[28:27] And we're to do that thoughtfully. Make when he says make no provision for the flesh. He's saying don't think about it. Don't get up in the morning saying, well, you know, I'll give the Lord a few hours, but then I really want to go this way and think about how we can gratify sin.

[28:43] How can I do this so that no one will find out? We're going to do it silently, secretly, whether it's pornography or whether it's what we're watching or what we're thinking. I can think lots of things because nobody sees these things.

[28:55] But these are damaging not only to others because it changes our attitude to others, but also to ourselves, of course. Don't make provision for gratifying our sinful desires, because what he's really saying here is as you think about your future and you're putting on the clothes of day as you're moving towards heaven, the perfect righteousness that is there, you are to live now for what you're hoping then, what you believe then to be your experience.

[29:25] And in other words, we are what we wear spiritually. I think that's true physically sometimes as well. Maybe it's not a perfect illustration, but I think sometimes our dress, what we wear does affect our behavior.

[29:43] I think I act differently when I'm wearing a kilt or a suit compared with a boiler suit. You know, kind of stomp about with a boiler suit and I don't mind if I get things messy and I'm wearing a suit, sharp gear and tie and kind of more upright in a walk, but carefully and I've got a different self-image.

[30:01] We are, you know, we are who we wear. But in Christ, we wear grace. You wear grace.

[30:11] That's what you're to wear. That's what I am to wear, because we've received grace and that should change every step we take, every conversation we have, every decision that we come to, every film we choose to watch, every behavior we choose to engage in, we wear grace and we are seeking to strip off the sinful desires that damage us because they are deeds of darkness and they have no place in our future.

[30:42] We live not only in this society, we live in the knowledge of the society to come. So the debt of love to our neighbors is lifelong.

[30:52] It's never paid in this life. It's who we are and it's who you are and it's who I am. And the only right we have to claim to live this way is because we're children of God and because we've called God Father.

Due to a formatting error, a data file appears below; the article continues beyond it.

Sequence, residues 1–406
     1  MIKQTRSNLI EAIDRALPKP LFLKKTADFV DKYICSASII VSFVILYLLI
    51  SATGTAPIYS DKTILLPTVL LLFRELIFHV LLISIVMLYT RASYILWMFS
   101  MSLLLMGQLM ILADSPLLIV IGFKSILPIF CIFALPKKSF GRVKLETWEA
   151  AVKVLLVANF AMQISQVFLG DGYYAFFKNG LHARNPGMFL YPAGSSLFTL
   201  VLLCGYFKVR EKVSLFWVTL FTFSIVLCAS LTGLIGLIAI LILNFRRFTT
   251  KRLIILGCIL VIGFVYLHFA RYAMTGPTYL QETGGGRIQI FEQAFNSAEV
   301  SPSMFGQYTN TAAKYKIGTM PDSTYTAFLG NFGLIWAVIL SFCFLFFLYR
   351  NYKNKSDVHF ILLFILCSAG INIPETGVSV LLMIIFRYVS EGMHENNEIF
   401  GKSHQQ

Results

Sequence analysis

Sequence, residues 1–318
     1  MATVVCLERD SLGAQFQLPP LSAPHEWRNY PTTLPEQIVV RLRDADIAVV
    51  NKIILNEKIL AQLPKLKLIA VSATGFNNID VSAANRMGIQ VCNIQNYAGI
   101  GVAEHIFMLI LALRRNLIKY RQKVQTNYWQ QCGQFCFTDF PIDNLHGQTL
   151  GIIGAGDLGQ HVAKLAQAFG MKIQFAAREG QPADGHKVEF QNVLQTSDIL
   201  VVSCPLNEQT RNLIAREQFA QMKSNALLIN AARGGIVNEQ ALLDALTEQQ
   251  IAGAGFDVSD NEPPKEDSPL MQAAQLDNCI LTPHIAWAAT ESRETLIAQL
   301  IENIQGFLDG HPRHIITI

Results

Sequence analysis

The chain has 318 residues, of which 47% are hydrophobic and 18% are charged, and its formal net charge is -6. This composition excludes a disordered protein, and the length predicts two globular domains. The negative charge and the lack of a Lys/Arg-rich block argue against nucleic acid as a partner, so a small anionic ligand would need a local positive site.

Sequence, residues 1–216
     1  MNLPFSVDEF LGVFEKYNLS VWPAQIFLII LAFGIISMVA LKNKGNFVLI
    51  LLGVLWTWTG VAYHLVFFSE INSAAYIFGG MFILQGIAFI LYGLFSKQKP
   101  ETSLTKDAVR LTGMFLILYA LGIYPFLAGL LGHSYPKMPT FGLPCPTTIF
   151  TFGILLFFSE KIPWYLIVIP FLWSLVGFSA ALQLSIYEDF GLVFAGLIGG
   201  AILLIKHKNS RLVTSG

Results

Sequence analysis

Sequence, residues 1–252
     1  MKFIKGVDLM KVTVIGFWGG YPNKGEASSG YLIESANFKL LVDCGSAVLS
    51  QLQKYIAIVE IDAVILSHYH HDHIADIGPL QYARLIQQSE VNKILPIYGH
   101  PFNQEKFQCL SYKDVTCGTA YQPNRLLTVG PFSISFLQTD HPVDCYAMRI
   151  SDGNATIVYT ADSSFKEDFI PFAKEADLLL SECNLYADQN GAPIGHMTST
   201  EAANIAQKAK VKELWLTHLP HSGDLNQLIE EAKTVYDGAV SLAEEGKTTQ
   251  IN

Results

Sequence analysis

[31:12] So please remember that His Word is a living, powerful model of how you should go from here every moment of every day, whatever circumstances.

[31:30] And you think it's easy for you to say from the pulpit, impossible. I know that. I know that. I recognize that.

[31:41] Of course it's impossible. It's impossible by nature. It's impossible because it's against everything that we're told to do and live in the society that puts self first.

[31:56] But we have dethroned self because of Jesus Christ and the impossibilities and the weakness and the failure drives us back to Him for the things that are not impossible with Him.

[32:11] We live that way when we fail, we seek forgiveness and we move on and we seek forgiveness from others because that's all part of it, isn't it? Loving our neighbor is being truthful enough to say, well, I'm sorry, I screwed up there.

[32:25] Screwed up badly. I'm sorry. That's part of it. That's part of it. It's not a council of perfection. It's that recognition of living in the light.

[32:37] The night is far gone, the day is at hand, let us cast off the works of darkness, put on the armour of light. It's a slightly different illustration. It's not just clothing, it's armour.

[32:48] It's what protects us and what keeps us from harm. You know, we're talking about harm. Loving is doing your neighbor no harm, no wrong.

[32:59] And so as we wear the protection of God, as you know the Bible, as you know His truth, as you're relying and as your roots are firmly grounded in Him, as we sung about the fruitfulness of our Christian lives are based on where our roots lie and our roots must lie in Him and in His grace.

[33:19] And I hope and pray that we go from here, not just to each other, but in our lives when maybe nobody is watching and there's no Christians anywhere near that we are loving our neighbor.

[33:33] In ways that are counter-cultural and impossible and radical and grace-filled. Let's pray. Father God, we ask and pray that you would forgive us because we see the standard of Scripture and we know we fail miserably, but we really ask that we would not use that as an excuse just to give up.

[33:59] Because we've accepted by you, we're loved by you because Jesus has done what we could never do, but that's never, Lord, may that never be for us a reason to be complacent because it's a total misunderstanding of grace.

[34:15] And may we not live our lives as it were, treading water as Christians in this nasty, big bad world until Jesus comes again and rescues us.

[34:25] But may we see the Kingdom of Heaven is here through your people and we are to live out grace in community, loving our neighbor and loving God.

[34:38] Help us to do that, we pray. And as I look in front of me at this congregation, I see a people who will spread out into the city in this working week, many on their own, many in situations with no other Christians with a lot of opposition and maybe darkness and difficulty spiritually anyway.

[35:02] And we pray that they might go in your strength and in reliance on you, seeking to live out the impossible and seeking to be pure and loving and patient and peaceful and not violent and not angry and not discontented and grumbling.

[35:25] And Lord, we pray that we would all find that that makes a radical difference to us and to those around us. May we dress as appropriately, as appropriate to our calling as believers, covered in the grace and living out the grace of Jesus.

[35:43] Amen.